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Manhunt ends with grisly find in Utah

ONE OF the most intense police manhunts in recent US history appears to have come to an end with the discovery of a pile of sun-bleached bones believed to belong to one of two fugitives who killed a policeman and vanished into the south-western desert 17 months ago.

The body, reduced to little more than a skeleton, was discovered by Navajo deer hunters tangled in the roots of a cedar tree in south-eastern Utah. The corpse was clad in a bulletproof vest and a parka stuffed with pipe bombs. Nearby lay a semiautomatic rifle, military-style helmet, handgun and camping gear.

The local sheriff said he was confident the body was one of the two men hunted by two dozen law enforcement agencies and around 200 officers. The physical evidence suggested the man died within a few days of the start of the manhunt and suffered a massive head trauma - either the result of the fugitive shooting himself or being shot by his fellow outlaw. Investigators said the chances of the other man still being alive were virtually zero.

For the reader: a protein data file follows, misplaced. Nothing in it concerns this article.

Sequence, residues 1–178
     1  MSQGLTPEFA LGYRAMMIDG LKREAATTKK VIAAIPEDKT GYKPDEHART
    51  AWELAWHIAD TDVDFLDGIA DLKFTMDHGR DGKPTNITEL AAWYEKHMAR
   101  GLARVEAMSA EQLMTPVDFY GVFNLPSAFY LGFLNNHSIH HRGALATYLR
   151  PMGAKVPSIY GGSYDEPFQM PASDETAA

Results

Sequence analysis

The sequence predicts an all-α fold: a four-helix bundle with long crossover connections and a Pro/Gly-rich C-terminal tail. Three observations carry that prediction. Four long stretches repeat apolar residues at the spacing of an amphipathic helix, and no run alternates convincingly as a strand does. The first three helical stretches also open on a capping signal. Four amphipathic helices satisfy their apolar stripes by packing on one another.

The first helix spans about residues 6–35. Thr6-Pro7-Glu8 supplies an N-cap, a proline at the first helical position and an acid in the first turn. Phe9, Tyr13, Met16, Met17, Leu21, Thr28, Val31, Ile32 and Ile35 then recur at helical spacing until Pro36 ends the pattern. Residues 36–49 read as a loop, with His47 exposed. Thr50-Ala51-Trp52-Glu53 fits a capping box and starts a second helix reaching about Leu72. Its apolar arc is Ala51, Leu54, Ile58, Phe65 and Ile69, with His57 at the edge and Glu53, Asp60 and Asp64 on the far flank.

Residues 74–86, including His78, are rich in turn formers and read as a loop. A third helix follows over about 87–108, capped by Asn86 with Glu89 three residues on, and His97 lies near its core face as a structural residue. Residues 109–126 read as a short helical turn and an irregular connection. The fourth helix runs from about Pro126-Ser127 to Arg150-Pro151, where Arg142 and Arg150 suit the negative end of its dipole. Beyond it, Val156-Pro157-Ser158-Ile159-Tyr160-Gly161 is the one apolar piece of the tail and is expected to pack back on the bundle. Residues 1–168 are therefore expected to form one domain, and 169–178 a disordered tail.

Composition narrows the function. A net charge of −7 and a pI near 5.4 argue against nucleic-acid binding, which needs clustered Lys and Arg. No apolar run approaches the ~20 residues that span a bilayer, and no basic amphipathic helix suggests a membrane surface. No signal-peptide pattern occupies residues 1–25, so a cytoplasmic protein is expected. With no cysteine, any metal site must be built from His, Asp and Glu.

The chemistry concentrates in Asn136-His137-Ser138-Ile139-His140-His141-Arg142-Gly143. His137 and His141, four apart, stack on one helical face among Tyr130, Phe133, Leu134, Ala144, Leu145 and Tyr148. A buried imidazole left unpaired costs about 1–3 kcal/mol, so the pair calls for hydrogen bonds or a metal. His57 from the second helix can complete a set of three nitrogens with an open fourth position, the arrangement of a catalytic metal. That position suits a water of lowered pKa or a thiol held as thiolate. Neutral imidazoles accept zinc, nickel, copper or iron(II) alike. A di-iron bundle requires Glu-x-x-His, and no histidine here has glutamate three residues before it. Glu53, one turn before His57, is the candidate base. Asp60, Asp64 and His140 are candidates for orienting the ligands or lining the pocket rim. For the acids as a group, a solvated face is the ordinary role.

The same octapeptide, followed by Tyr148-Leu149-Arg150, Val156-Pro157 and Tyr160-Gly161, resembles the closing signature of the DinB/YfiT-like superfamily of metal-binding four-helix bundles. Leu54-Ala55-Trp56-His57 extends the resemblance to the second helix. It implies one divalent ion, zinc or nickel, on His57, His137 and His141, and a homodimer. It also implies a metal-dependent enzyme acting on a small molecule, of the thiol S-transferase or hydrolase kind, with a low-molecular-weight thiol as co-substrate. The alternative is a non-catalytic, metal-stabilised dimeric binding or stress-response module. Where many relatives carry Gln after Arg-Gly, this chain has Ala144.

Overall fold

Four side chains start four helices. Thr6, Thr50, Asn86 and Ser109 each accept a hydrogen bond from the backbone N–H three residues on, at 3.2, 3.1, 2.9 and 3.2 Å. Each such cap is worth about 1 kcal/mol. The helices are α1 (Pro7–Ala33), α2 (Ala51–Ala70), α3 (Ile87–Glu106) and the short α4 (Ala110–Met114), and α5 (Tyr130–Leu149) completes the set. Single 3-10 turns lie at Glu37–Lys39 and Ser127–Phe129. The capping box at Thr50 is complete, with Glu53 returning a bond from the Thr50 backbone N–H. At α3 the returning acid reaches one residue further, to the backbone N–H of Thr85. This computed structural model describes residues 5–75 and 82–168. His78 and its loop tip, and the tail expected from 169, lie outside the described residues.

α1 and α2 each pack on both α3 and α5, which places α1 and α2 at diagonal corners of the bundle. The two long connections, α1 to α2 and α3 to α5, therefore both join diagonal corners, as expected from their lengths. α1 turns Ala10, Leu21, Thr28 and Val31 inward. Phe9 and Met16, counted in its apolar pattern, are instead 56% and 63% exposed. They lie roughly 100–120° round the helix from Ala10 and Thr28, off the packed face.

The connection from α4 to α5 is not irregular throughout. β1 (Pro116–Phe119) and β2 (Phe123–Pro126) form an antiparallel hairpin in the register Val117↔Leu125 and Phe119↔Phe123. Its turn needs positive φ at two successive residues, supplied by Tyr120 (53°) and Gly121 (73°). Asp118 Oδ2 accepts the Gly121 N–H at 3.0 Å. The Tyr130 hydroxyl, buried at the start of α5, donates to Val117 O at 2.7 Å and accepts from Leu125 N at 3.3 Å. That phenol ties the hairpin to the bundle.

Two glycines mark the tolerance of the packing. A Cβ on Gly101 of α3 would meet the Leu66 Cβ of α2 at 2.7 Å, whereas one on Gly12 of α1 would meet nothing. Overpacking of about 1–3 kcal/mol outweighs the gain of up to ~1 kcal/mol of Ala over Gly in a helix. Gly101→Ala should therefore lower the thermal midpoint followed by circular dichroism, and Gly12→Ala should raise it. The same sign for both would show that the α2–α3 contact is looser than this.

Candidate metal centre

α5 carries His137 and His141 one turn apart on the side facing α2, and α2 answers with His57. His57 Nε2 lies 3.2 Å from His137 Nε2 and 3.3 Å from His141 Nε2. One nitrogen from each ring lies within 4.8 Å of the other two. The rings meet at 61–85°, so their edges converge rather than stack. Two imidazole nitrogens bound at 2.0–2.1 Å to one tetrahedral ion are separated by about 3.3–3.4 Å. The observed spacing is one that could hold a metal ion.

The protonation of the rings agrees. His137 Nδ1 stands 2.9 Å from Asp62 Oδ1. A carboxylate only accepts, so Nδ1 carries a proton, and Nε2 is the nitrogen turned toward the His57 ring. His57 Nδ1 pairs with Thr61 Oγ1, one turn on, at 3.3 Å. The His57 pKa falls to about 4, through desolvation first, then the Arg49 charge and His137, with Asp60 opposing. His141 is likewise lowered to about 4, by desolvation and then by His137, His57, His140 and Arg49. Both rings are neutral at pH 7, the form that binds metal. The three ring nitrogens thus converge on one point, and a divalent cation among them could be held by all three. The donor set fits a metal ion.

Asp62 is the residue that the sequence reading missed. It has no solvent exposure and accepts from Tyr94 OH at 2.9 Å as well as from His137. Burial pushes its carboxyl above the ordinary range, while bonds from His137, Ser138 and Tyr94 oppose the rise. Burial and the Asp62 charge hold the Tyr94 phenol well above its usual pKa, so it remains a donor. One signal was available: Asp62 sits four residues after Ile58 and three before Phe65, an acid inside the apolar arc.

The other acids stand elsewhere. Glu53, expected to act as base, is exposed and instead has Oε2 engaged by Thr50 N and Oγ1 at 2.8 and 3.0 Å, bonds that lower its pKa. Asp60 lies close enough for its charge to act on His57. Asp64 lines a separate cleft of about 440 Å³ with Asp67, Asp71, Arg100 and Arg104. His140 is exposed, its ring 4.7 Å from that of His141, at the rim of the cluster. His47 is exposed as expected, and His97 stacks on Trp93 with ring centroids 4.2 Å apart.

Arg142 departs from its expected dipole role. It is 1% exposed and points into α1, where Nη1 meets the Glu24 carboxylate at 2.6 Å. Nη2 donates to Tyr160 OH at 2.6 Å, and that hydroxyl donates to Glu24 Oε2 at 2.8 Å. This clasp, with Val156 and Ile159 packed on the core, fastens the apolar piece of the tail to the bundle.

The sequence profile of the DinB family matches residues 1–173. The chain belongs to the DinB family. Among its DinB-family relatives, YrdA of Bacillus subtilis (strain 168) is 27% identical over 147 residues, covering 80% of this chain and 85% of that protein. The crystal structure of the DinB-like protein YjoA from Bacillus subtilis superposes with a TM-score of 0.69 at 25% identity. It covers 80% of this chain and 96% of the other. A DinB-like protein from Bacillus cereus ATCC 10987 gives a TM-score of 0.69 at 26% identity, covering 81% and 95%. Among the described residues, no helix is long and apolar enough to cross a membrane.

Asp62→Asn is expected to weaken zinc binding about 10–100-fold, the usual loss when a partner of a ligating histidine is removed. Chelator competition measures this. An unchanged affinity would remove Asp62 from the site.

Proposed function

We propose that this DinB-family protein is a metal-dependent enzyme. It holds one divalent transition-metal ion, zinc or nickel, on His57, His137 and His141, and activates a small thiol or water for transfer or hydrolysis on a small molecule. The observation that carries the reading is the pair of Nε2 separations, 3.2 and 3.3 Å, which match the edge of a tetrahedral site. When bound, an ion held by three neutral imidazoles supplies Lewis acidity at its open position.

Monty Pilon, Jason Wayne McVean and a third man, Robert Matthew Mason, began their crime spree in Durango, Colorado, where they stole a water truck in May 1998. Heading west, they killed a policeman in the town of Cortez, abandoned the truck for a flatbed lorry, wounded two more officers in Utah and continued their getaway on foot.

Mason's body was found a week later with a gunshot through his head, but the other two vanished without trace.